A Key Largo, Fla., man is suing Doctors Hospital in Coral Gables for emotional distress after police found his severed leg in a waste management facility a month after his amputation.

Homicide detectives initially took hold of the case, only to discover the limb belonged to a very much alive 56-year-old man, John Timiriasieff, who was beyond surprised by the unexpected reunion with his recently amputated leg.

As reported by the NY Daily News, Timiriasieff contacted the Miami area hospital to find out what happened and was given no explanation for the strange incident. Timiriasieff and his attorney Clay Roberts believe that instead of incinerating the amputated leg, as per protocol, the limb somehow got tossed into the hospital’s dumpster still toting its owner's name tag. From there, Roberts believes, the severed leg eventually made its way to the local dump.

Timiriasieff is now suing the hospital for the mistake, calling it "outrageous and beyond all bounds of human decency … and utterly intolerable in civilized society," The Miami Herald reported.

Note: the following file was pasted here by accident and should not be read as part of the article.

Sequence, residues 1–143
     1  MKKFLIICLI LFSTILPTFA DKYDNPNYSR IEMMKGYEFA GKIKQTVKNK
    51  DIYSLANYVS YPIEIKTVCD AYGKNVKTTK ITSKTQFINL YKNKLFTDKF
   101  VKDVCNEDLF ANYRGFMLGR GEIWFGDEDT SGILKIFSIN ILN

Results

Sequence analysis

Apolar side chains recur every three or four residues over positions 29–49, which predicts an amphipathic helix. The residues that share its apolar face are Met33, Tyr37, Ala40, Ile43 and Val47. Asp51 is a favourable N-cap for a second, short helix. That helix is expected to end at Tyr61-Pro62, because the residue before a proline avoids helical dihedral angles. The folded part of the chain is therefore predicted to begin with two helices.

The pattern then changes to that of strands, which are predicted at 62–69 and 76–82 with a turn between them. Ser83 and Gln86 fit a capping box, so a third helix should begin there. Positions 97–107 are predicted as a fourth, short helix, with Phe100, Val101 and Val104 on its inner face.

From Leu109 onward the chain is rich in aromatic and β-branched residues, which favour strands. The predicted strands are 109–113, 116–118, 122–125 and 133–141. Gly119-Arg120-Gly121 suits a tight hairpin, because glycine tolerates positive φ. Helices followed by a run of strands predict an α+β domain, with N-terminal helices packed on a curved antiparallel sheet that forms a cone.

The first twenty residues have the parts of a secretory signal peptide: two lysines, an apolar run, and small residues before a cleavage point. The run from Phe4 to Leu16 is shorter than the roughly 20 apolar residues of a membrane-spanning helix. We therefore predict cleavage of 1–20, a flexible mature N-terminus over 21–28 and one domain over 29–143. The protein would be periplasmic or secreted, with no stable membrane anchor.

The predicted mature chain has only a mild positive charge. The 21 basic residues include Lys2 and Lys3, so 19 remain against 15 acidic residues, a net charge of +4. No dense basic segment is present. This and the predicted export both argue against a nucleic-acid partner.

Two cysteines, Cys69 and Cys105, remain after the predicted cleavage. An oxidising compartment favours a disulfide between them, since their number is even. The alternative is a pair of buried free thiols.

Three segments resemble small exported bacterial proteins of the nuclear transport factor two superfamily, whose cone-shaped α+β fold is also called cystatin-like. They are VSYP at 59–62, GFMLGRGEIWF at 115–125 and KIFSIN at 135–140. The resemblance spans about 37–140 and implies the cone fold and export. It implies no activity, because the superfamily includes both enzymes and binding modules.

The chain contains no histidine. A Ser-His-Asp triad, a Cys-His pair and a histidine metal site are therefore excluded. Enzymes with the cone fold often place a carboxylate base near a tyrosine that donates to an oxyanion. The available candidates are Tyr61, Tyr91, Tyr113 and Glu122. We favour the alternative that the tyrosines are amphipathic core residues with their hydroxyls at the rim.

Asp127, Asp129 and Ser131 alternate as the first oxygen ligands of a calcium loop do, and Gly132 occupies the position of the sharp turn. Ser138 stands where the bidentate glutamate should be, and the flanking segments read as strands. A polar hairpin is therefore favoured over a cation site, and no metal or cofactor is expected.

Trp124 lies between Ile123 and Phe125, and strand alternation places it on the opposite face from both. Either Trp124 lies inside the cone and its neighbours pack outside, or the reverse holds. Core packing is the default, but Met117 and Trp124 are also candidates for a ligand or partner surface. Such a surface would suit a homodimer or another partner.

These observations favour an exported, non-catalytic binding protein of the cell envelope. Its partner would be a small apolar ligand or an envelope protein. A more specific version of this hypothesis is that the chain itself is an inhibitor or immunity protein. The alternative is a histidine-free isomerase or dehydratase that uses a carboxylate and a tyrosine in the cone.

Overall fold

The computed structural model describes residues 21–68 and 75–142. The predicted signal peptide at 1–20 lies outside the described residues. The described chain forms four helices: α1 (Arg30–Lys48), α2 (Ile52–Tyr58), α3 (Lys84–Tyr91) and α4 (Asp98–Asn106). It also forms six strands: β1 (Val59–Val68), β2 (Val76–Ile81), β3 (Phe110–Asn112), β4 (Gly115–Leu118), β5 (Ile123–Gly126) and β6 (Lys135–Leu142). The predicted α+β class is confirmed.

Timiriasieff explained that the incident caused him great embarrassment and humiliation and that he felt an invasion of privacy. It’s unclear how much Timiriasieff is seeking in emotional damages, but the Daily News reports that according to an email from Timiriasieff’s attorney, the hospital has been notified of the incident and has taken “immediate and appropriate measures to address it.”

Normally, when limbs are amputated a patient signs a waiver to cede ownership of their surgical leavings to a pathological lab, Slate reported. These body parts will often be passed on to teaching hospitals. If body parts are not donated to teaching hospitals, they are disposed as medical waste, where according the Environmental Protective Agency, they are then incinerated.

This is not the first time a hospital has been scrutinized for improper disposal of its medical waste. In the late 1980s, syringes and other medical waste began to wash ashore onto the East Coast, resulting in the closure of thousands of New York and New Jersey beaches. This incident pushed the U.S. government to create guidelines to ensure the proper disposal of medical waste, the Journal of Emergency Medical Services reported.

Although the hospital has refused to comment on the incident, it did claim to have reinforced proper procedures “to prevent similar situations from happening in the future.”